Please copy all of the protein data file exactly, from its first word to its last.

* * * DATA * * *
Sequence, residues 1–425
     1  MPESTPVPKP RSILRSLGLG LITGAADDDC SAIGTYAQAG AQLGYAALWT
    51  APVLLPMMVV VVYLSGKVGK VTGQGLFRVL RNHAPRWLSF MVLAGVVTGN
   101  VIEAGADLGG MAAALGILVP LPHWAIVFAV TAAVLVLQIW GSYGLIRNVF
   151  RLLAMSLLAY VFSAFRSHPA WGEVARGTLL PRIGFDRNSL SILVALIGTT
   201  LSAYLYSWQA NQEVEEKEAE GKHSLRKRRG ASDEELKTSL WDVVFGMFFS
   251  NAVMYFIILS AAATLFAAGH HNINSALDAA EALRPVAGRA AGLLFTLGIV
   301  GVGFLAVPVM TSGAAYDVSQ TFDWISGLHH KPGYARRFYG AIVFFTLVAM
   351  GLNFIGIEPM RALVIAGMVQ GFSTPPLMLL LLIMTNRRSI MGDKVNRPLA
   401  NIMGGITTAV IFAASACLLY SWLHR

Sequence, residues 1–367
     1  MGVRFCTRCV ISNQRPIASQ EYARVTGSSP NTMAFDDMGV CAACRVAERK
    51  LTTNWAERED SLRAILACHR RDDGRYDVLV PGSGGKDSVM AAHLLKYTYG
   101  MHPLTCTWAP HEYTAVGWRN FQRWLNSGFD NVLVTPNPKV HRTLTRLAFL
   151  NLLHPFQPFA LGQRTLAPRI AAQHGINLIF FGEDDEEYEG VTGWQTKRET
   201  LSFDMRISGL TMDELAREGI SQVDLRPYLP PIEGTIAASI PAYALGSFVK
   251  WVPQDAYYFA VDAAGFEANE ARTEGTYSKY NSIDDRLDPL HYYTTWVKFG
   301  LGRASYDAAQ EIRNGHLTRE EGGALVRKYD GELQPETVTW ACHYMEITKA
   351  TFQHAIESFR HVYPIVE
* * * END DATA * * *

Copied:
Sequence, residues 1–425
     1  MPESTPVPKP RSILRSLGLG LITGAADDDC SAIGTYAQAG AQLGYAALWT
    51  APVLLPMMVV VVYLSGKVGK VTGQGLFRVL RNHAPRWLSF MVLAGVVTGN
   101  VIEAGADLGG MAAALGILVP LPHWAIVFAV TAAVLVLQIW GSYGLIRNVF
   151  RLLAMSLLAY VFSAFRSHPA WGEVARGTLL PRIGFDRNSL SILVALIGTT
   201  LSAYLYSWQA NQEVEEKEAE GKHSLRKRRG ASDEELKTSL WDVVFGMFFS
   251  NAVMYFIILS AAATLFAAGH HNINSALDAA EALRPVAGRA AGLLFTLGIV
   301  GVGFLAVPVM TSGAAYDVSQ TFDWISGLHH KPGYARRFYG AIVFFTLVAM
   351  GLNFIGIEPM RALVIAGMVQ GFSTPPLMLL LLIMTNRRSI MGDKVNRPLA
   401  NIMGGITTAV IFAASACLLY SWLHR

Sequence, residues 1–367
     1  MGVRFCTRCV ISNQRPIASQ EYARVTGSSP NTMAFDDMGV CAACRVAERK
    51  LTTNWAERED SLRAILACHR RDDGRYDVLV PGSGGKDSVM AAHLLKYTYG
   101  MHPLTCTWAP HEYTAVGWRN FQRWLNSGFD NVLVTPNPKV HRTLTRLAFL
   151  NLLHPFQPFA LGQRTLAPRI AAQHGINLIF FGEDDEEYEG VTGWQTKRET
   201  LSFDMRISGL TMDELAREGI SQVDLRPYLP PIEGTIAASI PAYALGSFVK
   251  WVPQDAYYFA VDAAGFEANE ARTEGTYSKY NSIDDRLDPL HYYTTWVKFG
   301  LGRASYDAAQ EIRNGHLTRE EGGALVRKYD GELQPETVTW ACHYMEITKA
   351  TFQHAIESFR HVYPIVE